Articles Posted in Oil and Gas Law

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The San Antonio Court of Appeals recently issued an interesting opinion regarding a well operator’s claim that H2S/CO2 from a nearby injection well damaged its leased minerals. The case has been appealed to the Texas Supreme Court and oral argument has been scheduled for December 2020.

The case is Swift Energy Operating, LLC v. Regency Field Services LLC. In 2009, Swift, the Plaintiff, leased approximately 4200 acres of a ranch in McMullen County, Texas and operated a number of producing wells on the ranch. In 2006, Regency obtained a permit from the Texas Railroad Commission to operate an injection well in which they would dispose of a gas mixture of concentrated hydrogen sulfide (H2S) and carbon dioxide (CO2) by pumping it into the Wilcox formation. In its application for the permit, Regency submitted a plume model to the Railroad Commission that predicted that the injected material would spread horizontally by approximately 2200 feet after 40 years of injection. The review by the Railroad Commission staff indicated that they believed that shale formations above and below the disposal zone would prevent vertical migration of the injected gas.Deep_injection_well

In 2012, another operator in the area discovered H2S in one of the its wells and testing indicated it came from the Regency injection well. As result, that operator had to plug and abandon that well. An employee of that operator emailed Swift about these developments.

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The Texas Eleventh Court of Appeals decided yet another “continuous development” case in which the lessee tries to wiggle out of its obligations under the oil and gas lease with a strained interpretation of the lease terms (although in this case, both the lessor and the lessee were oil companies).

In Endeavor Energy Resources, L.P. v. Energen Resources Corporation, the oil and gas lease contained a continuous development clause that said:

If this lease is extended as to non-dedicated acreage beyond the expiration of the primary term hereof, this lease shall terminate as to non-dedicated acreage one hundred fifty (150) days after the expiration of the primary term unless during such one hundred fifty (150) day period Lessee has commenced operations for the drilling of a well in which case this lease shall be extended as to the dedicated and non-dedicated acreage so long as operations for the drilling of a subsequent well are commenced within one hundred fifty (150) days after the completion of the preceding well. This lease shall terminate as to all non-dedicated acreage any time a subsequent well is not commenced within one hundred fifty (150) days from the completion of a preceding well.

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The Texas Court of Appeals in El Paso, in HJSA No. 3, Ltd. P’ship v. Sundown Energy LP,  issued a decision siding with the landowner on the interpretation of an oil and gas lease regarding the meaning of “continuous development“.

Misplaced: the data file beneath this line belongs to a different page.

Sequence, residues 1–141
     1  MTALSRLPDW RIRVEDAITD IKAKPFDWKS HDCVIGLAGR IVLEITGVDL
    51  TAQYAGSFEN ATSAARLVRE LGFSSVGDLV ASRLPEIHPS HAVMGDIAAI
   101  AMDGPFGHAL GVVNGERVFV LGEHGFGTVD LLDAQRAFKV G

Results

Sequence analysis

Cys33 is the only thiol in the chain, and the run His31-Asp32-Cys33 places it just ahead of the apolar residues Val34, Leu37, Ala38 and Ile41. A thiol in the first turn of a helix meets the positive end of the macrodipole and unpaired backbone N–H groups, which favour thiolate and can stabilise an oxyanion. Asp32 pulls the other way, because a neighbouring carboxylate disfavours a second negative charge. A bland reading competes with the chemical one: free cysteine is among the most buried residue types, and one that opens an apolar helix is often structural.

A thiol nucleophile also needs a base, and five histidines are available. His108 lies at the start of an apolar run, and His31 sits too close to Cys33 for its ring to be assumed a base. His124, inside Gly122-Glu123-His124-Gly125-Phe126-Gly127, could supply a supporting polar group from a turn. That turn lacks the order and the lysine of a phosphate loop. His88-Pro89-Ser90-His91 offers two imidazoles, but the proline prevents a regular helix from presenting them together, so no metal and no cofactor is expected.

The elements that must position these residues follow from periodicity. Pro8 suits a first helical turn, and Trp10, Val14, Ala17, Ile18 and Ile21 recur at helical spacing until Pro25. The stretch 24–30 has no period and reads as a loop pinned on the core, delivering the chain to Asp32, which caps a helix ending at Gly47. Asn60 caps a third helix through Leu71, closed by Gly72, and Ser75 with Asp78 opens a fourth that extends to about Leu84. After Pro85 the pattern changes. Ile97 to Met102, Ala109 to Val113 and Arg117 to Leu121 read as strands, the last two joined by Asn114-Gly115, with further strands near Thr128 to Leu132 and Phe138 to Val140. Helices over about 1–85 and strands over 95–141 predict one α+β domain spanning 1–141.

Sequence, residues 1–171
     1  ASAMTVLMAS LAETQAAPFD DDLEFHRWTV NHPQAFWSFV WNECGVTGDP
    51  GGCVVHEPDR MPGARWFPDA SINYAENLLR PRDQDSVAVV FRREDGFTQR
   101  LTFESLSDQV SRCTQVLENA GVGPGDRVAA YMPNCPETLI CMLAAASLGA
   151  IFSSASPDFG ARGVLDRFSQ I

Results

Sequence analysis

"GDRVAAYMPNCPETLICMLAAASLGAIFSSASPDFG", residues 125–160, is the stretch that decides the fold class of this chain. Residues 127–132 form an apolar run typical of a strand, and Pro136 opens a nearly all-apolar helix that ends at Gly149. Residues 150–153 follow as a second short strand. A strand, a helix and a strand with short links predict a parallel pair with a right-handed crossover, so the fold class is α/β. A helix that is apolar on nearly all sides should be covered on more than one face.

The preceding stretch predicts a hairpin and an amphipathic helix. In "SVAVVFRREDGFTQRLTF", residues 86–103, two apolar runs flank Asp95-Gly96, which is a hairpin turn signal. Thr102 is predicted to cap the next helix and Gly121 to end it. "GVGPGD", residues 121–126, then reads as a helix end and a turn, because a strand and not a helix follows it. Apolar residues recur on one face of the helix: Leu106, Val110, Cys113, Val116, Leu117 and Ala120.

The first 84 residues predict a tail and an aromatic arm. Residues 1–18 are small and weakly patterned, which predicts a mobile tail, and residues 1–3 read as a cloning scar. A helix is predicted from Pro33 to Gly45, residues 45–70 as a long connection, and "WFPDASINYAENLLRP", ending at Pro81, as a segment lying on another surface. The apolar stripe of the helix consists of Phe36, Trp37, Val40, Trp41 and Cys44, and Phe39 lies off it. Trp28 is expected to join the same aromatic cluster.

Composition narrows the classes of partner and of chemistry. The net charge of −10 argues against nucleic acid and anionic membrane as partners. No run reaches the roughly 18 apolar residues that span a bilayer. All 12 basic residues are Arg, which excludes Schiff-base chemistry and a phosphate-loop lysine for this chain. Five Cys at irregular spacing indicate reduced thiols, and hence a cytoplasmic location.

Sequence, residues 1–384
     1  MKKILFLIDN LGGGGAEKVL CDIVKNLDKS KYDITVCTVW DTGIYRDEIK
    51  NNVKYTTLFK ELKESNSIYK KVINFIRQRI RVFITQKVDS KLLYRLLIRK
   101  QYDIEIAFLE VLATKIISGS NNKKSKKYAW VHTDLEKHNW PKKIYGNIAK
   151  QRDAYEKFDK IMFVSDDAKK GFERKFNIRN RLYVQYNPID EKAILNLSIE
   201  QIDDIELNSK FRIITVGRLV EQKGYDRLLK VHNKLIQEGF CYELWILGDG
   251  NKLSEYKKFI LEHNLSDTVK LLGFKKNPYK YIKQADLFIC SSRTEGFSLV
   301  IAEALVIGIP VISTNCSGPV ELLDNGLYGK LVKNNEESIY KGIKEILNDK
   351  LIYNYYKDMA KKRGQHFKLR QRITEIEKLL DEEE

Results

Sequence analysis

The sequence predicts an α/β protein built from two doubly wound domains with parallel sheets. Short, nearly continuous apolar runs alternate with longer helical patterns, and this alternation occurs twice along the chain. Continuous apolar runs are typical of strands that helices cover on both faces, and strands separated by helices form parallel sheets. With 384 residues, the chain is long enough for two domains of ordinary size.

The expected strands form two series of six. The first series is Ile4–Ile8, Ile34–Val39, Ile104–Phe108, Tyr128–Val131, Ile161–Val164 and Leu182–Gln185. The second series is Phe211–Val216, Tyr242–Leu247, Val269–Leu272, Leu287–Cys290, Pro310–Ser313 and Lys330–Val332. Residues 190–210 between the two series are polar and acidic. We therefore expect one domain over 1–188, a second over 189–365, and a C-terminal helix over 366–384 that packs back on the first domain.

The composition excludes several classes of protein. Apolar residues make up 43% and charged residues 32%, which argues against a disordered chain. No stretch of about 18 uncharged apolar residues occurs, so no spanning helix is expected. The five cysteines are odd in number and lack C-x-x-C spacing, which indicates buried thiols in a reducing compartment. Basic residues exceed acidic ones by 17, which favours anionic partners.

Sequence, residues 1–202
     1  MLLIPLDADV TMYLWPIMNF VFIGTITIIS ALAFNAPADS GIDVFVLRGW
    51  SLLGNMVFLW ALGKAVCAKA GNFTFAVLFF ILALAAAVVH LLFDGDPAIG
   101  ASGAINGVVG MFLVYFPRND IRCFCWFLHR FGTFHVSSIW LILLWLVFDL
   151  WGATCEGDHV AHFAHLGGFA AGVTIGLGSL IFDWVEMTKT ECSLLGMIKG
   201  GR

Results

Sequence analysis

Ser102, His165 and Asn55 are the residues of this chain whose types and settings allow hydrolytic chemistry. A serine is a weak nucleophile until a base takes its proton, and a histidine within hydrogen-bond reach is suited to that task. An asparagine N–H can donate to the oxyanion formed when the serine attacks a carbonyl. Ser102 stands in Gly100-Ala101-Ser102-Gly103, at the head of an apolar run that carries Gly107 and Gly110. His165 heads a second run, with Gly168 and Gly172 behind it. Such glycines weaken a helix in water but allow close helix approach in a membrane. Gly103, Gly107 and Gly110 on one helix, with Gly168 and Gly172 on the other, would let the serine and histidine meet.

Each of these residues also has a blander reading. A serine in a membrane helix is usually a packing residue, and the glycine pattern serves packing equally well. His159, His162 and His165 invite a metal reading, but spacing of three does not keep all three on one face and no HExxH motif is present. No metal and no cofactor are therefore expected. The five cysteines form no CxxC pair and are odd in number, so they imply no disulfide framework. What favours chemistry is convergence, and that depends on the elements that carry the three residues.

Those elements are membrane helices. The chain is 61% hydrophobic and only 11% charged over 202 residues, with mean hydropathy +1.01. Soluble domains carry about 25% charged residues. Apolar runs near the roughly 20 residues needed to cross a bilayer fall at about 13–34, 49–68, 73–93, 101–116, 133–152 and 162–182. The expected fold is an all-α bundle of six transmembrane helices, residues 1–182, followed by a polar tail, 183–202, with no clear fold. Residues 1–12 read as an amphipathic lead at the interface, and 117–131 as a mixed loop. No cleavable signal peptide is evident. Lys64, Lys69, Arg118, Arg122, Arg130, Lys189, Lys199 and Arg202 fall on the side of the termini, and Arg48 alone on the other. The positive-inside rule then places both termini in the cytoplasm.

The oil and gas lease contained two paragraphs related to drilling:

7(b). The first such continuous development well shall be spudded-in on or before the sixth anniversary of the Effective Date, with no more than 120 days to elapse between completion or abandonment of operations on one well and commencement of drilling operations on the next ensuing well.

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In Piranha Partners et al v. Joe B. Neuhoff et al,  the Texas Supreme Court examined a written assignment of an overriding royalty interest in minerals produced from land subject to an oil and gas lease in Wheeler County, Texas. The Neuhoffs claimed the assignment conveyed an interest only in production from the well specifically identified in the assignment. Piranha Partners claimed that the assignment conveyed an interest in production from any well drilled on the identified land, or alternatively, in all production under the identified lease.

The assignment stated:

[Neuhoff Oil] does hereby assign, sell and convey unto [Piranha] . . . without warranty or covenant of title, express or implied, subject to the limitations, conditions, reservations and exceptions hereinafter set forth . . . all of [Neuhoff Oil’s] right, title and interest in and to the properties described in Exhibit “A” (the “Properties”)

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The Texas rule against perpetuities (the “Rule”) was something all lawyers learned about in law school, but it seemed at the time like a concept we would not run into very often in real life law practice. Unfortunately, it comes up regularly in connection with Texas oil and gas leases and related interests.

In Texas, the Rule states that a property interest must vest within 21 years after the death of some life or lives in being at the time of the conveyance of that property interest. If it does not, then the interest is a perpetuity. Perpetuities are prohibited by Texas Constitution Article 1, section 26 as restraints on free alienation of property. A conveyance that violates the Rule is void.

In Tommy Yowell v. Granite Operating Company et al, the Texas Supreme Court had occasion to review a claim that an overriding royalty interest (ORRI) violated the Rule. As many of you know, an ORRI is a share of either oil and gas production or revenue from that production that is carved out of a lessee’s interest under an oil and gas lease. In most cases, when the oil and gas lease to which the ORRI is attached terminates, the ORRI terminates as well. In this case, the ORRI contained a provision that purported to cover any extension or renewal of the existing lease as well as any new leases. When the operator of a new lease stopped paying royalties to Yowells, they sued.

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The Texas 14th Court of Appeals recently interpreted a pipeline easement and that interpretation may have application for many other pipeline easements in existence in Texas. The case is Texas Land & Cattle II, Ltd. v ExxonMobil Pipeline Company.